This is an image of Bharatanatyam dancer Jyotsna Vaidee. She is seated, wearing a pink saree and green blouse. (Photo courtesy: Jyotsna Vaidee)
Bharatanatyam artist Jyotsna Vaidee (Photo courtesy: Jyotsna Vaidee)

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Decades of dedicated Bharatanatyam 

Jyotsna Vaidee, a Los Altos-based exponent of Bharatanatyam, has been dancing since the age of 5. Over the past 25 years, she has established herself as a critically-acclaimed soloist in India and North America. Her upbringing, which spanned countries and continents, has nurtured the creative fabric of her performances. On the 30th anniversary of her arangetram, Vaidee kicks off this year’s performance season with an original solo concert, Abhilasha: The Longing on May 19 at the Cubberly Theater in Palo Alto. She then takes off for a multi-city presentation, Earth Speaks 2.0, by her dance company, Samudra Dance Creations, with the next Bay Area show on June 18, at the BRAVA Theater in San Francisco.

In an exclusive, Vaidee tells India Currents about how growing up on multiple continents colors her creativity, the highs and lows of straddling full-time her two worlds of tech and dance, and the challenges of being a soloist and a full-time Bharatanatyam professional in North America. 

IC: What was the motivation behind your solo performance, Abhilasha: The Longing?

This image is a poster for Jyotsna Vaidee's solo, Abhilasha: The Longing.  It has a picture of her seated, with information about the performance around the image. (Courtesy: Jyotsna Vaidee)
A poster for Jyotsna Vaidee’s solo, Abhilasha: The Longing. (Courtesy: Jyotsna Vaidee)

JV: A Bharatanatyam concert already has a beautiful format, or  Bharatanatyam Margam – a beginning, a middle which is usually the centerpiece called the Varnam, the second half, and a specific kind of ending, which is Tillana, and so on.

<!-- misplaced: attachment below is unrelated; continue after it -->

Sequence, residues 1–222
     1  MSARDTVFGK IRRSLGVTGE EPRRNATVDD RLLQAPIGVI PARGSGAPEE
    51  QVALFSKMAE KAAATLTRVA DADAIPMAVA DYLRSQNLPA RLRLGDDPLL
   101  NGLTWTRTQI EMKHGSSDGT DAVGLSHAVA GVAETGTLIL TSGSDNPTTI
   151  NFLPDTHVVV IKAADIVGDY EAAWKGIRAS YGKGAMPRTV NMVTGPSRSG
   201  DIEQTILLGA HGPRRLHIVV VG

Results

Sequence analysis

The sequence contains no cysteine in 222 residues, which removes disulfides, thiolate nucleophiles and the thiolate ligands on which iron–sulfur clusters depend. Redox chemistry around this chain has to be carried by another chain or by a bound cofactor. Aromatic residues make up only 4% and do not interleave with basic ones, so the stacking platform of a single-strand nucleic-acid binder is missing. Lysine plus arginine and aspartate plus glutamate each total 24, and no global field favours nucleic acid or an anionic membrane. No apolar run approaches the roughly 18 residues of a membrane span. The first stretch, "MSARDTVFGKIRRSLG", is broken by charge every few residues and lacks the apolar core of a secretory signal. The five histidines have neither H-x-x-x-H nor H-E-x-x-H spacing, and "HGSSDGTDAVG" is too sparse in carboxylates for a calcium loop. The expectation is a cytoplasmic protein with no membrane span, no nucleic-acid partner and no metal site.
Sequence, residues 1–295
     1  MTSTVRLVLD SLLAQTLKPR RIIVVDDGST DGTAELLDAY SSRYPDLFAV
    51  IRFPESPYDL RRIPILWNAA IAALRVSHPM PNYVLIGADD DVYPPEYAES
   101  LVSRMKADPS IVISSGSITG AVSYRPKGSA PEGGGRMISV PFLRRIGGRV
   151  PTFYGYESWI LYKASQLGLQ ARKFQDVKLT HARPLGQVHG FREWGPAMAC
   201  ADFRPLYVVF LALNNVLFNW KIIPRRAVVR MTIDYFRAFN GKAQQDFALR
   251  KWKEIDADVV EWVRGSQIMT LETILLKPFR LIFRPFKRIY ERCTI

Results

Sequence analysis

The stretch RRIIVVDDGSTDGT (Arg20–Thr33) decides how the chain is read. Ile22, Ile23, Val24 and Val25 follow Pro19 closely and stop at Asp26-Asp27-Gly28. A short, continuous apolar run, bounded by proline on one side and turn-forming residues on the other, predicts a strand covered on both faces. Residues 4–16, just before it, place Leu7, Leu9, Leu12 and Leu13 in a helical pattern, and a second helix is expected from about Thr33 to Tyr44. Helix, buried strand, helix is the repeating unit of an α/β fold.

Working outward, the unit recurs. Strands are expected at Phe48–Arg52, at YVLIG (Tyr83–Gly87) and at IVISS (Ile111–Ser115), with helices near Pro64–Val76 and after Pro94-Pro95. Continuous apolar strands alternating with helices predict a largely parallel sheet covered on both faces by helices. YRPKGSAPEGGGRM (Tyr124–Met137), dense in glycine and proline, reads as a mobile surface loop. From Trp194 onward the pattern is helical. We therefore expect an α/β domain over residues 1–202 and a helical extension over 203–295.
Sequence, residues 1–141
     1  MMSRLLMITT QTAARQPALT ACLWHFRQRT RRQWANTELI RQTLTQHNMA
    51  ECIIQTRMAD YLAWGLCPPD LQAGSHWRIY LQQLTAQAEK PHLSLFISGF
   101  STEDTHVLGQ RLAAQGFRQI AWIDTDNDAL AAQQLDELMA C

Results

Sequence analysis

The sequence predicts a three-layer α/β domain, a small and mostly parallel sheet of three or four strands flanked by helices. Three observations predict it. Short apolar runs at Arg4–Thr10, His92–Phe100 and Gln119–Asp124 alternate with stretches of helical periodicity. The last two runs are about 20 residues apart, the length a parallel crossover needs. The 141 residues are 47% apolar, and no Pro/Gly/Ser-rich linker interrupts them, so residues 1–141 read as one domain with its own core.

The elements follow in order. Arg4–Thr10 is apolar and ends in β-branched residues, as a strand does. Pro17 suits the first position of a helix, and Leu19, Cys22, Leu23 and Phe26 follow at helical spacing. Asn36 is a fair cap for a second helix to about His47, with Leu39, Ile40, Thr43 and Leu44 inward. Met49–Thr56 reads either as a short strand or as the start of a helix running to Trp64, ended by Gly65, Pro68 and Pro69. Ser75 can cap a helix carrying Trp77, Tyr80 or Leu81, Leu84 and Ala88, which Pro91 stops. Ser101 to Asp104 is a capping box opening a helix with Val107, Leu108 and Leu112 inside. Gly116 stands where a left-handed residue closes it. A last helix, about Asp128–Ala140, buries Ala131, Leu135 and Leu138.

With Abhilasha, I wanted to reinvestigate this Margam at this point in my life, with all the experiences I have had so far.

The Varanam I picked is a rare Thanjavur Quartet in Telugu. As is usually the case, in this Varanam, the Naaikaa (actress) is longing for Lord Brihadeshwara in Thanjavur.

While this may seem like my modern senses speaking, the idea of the Naaikaa longing for her Lord seems to be cliched. But I rediscovered the whole concept and realized why this sense of human longing and desire is so timeless and universal. As a human, no matter what we achieve, we are always longing for the next thing, there’s always the next goal, the next wish, the next desire. Love is obviously at the heart of this piece. And I think that is also at the very core of human nature; we desire to be appreciated, we desire to be validated. Love is something each human being wants to receive and give. 

In the second half, we explore alternative poetry and stories, which are not always explored in a Margam. I’ve chosen to do a story from the Mahabharata, representing one of the powerful female characters, Kunti. She is actually quite instrumental in the whole story, but her story stays in the background.  Kunti has a very complex story of having a child out of wedlock. To me, her story is also about longing. Throughout the Mahabharata, she longs for her son and Karna longs to understand his identity and to know who his mother is. 

The music for this was composed by Bay Area violinist, Anuradha Sridhar. The lyrics were by the well-known Tamil lyricist, S Raghuraman.

In Abhilasha, we’ve tried to explore both traditional poetry and also what I would call alternative poetry, which isn’t very commonly done in dance. So while the song lyrics are in Telugu, the story of Kunti is written in Tamil. And, I’m going to end my performance with an Abhangh in Marathi. I am fortunate to have some brilliant local instrumental and vocal talent performing with me live. 

IC: So how did your dance company, Samudra Dance Creations, come to be?

JV: I have been a very serious performing artist. I think that is a different path than choosing to run a big school with hundreds of students. That’s really my passion: performing, choreographing, and researching. For most of my life, I’ve actually been a soloist. I’ve lived in different countries. Growing up, I danced for many different professional dance companies. Unlike any other place, the California Bay Area is like a cultural melting pot. I spent the first five years of my time here continuing my solo work. I would go back to India to perform because that’s really where you can regularly do full-length solo concerts. 

This image is a poster of Earth Speaks 2019, a group presentation by Samudra Dance Creations. It shows a group of five Bharatanatyam dancers, mid-pose. (Courtesy: Jyotsna Vaidee)
A poster of Earth Speaks 2019, a group presentation by Samudra Dance Creations. (Courtesy: Jyotsna Vaidee)